The Grand Teton National Park in Wyoming is home to the stunning Grand Teton mountain range. | Daniel Slim/AFP via Getty Images
By Rob Hotakainen
The suggestion is to sell the land through a public auction for a minimum of $80 million, equivalent to $125,000 per acre. It is believed that the price could be even higher if the State Board of Land Commissioners gives their approval this week.
As the vote on Thursday draws near, individuals from all political backgrounds are urging the board to prevent or postpone the sale. They are hopeful that the National Park Service will be able to purchase the valuable land before it is acquired by a developer.
According to Rob Wallace, a Wyoming native who served as the Interior Department’s assistant secretary for fish and wildlife and parks during the final two years of the Trump administration, the sale of a portion of a national park to a developer would be unprecedented and not something that the state would take pride in. This would be a first in his memory.
During a public meeting in Jackson, Wyoming, held last month, Superintendent Chip Jenkins of Grand Teton National Park cautioned against the potential for “inappropriate development” resulting from an auction. Some individuals opposed to the sale express concern that it could result in the building of approximately 20 large “trophy homes” on divided plots of land.
The Kelly Parcel has been and continues to be a significant focus for both the NPS and the Interior Department.
During a series of four public hearings that ended last Tuesday, state officials have received overwhelming opposition.
During a hearing in Casper, Wyoming last November, Jake Hutton, the owner of an outfitting business in Jackson, pleaded with state authorities not to hinder his business for the sake of a wealthy individual’s relocation.
Quoting the “Western code,” he stated that there are some things that cannot be bought.
In the event that the government has their desired outcome, I will not be able to afford any of the parcels that they intend to divide. Instead, it is likely that a wealthy individual such as a California billionaire or a Saudi Arabian sheik will purchase the land,” stated Hutton.
During an interview, Wallace stated that the state board is obligated to explore its possibilities. According to the state’s Constitution, the commissioners are responsible for effectively utilizing state land to generate funds for public schools. However, the current revenue from the 640-acre parcel, which includes a grazing lease and permits for outfitters to offer tours, is only $2,845 per year.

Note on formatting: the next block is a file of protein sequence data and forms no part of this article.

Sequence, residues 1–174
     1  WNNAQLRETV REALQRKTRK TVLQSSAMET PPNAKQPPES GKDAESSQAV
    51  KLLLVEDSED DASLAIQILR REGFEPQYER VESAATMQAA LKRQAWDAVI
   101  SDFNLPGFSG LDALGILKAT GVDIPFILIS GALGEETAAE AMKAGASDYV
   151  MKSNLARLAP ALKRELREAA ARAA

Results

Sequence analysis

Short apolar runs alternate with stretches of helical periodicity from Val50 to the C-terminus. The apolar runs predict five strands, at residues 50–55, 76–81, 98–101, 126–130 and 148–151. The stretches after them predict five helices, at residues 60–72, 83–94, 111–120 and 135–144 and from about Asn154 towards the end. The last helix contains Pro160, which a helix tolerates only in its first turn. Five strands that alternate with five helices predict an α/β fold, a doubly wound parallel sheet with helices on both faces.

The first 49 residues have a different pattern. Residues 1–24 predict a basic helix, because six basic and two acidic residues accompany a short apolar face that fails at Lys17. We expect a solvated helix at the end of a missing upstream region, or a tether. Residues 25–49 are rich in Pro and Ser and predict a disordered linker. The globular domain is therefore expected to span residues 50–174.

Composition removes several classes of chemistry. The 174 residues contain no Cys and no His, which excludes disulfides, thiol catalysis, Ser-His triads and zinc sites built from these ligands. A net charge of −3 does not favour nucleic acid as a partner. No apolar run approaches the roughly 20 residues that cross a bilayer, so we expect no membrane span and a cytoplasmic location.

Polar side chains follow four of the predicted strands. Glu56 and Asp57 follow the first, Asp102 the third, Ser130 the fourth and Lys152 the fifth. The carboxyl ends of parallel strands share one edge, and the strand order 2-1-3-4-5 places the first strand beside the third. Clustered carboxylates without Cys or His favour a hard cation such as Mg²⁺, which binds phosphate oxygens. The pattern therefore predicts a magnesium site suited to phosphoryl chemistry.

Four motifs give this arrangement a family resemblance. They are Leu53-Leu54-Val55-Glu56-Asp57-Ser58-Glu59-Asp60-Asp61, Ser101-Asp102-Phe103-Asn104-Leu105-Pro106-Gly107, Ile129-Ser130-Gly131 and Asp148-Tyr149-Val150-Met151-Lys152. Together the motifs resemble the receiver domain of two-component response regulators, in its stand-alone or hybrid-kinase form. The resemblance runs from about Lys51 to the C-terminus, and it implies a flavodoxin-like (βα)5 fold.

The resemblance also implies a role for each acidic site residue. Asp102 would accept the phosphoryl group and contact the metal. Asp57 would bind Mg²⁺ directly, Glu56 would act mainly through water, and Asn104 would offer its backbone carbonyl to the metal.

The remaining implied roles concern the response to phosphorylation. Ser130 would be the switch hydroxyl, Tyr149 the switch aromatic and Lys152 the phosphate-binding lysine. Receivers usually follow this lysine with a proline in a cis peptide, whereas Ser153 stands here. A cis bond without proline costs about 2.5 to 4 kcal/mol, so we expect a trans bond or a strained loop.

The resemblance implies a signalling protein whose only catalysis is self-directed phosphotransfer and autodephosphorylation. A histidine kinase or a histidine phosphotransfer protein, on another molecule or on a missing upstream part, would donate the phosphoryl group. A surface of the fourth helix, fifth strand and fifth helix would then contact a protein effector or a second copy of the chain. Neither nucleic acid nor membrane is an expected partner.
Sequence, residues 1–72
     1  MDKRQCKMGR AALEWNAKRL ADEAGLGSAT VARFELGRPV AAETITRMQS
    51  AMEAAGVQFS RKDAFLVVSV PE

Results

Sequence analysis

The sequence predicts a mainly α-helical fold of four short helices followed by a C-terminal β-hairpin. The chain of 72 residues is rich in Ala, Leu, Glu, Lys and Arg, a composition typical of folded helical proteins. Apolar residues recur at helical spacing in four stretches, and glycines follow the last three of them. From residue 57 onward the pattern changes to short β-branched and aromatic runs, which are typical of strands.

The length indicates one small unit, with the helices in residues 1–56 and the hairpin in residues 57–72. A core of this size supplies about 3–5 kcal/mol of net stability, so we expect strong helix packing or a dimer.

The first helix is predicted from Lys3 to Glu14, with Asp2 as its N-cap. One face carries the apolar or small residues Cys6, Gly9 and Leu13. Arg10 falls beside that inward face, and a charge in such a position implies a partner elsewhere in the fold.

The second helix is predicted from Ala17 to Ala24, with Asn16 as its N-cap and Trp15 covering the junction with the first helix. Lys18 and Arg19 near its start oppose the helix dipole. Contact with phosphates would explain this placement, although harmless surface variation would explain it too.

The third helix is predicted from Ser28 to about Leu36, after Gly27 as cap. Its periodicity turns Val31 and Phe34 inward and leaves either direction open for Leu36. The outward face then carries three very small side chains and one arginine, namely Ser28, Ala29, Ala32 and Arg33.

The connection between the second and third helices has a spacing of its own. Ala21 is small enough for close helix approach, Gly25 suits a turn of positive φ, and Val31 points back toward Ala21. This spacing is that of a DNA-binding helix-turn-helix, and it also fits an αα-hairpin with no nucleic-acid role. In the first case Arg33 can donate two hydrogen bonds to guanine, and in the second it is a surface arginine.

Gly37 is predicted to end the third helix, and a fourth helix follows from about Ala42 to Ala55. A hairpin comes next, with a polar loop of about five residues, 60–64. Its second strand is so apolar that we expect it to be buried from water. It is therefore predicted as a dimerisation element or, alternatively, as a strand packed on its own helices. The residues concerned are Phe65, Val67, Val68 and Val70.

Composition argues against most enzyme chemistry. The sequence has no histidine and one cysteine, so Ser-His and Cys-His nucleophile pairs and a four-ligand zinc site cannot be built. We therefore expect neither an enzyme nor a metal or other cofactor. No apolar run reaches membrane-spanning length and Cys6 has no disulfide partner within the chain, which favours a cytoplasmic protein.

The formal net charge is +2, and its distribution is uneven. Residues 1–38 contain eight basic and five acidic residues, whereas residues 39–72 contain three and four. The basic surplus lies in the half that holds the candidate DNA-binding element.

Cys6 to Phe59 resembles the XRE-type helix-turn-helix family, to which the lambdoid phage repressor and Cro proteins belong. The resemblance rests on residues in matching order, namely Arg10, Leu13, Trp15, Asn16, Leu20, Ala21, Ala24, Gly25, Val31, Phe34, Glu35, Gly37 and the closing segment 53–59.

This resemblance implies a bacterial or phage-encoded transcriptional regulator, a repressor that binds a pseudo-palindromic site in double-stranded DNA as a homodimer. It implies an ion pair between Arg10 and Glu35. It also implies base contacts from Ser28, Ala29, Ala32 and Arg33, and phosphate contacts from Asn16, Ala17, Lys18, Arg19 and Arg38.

Wallace stated that the piece of land located in a national park is highly valuable and only generating $2,800 annually for the children, which does not meet their fiduciary duty to the education system.
During the public hearing in Casper, Jason Crowder, the deputy director of the Wyoming Office of State Lands and Investments, reiterated this statement while discussing the plan.
“Our main focus is generating revenue,” stated Crowder. “That is our top priority.”
On Friday, Jennifer Scoggin, the director of the Office of State Lands and Investments, suggested that the land should be put up for auction by January 30, 2024. The state will not accept any bids lower than $80 million, which is $18 million more than the land’s appraised value.
The suggestion from Dave Sollitt, the executive director of the Jackson Hole Conservation Alliance, was deemed “arbitrary” and he stated that it goes against the public’s unanimous opposition to an auction.
He stated that he hopes the State Board of Land Commissioners will reject the suggestion and recognize the strong desire of the citizens of Wyoming and those who are against the auction.
“It’s also a risk.”
The news was reported by Jackson Hole Community Radio.
The board will vote on the proposed sale at a meeting that will last four hours, starting at 10 a.m. EST (8 a.m. MST) on Dec. 7.
If the board members decide to move forward with an auction, they will also establish the conditions for a sale and instruct the state’s Office of State Lands and Investments to execute what is referred to as “the suggested disposal.”
Even that terminology — using the word “disposal” to describe the plan — has irked some opponents.
During the Casper hearing, Hutton, the outfitter from Jackson, commented on the state’s choice of words to describe their process.
“Regrettably, I’ve had to euthanize several horses throughout my lifetime, and I’ve disposed of numerous items in my kitchen sink, but there is not a single spot in Wyoming that I would willingly burn and flush down the drain,” he stated.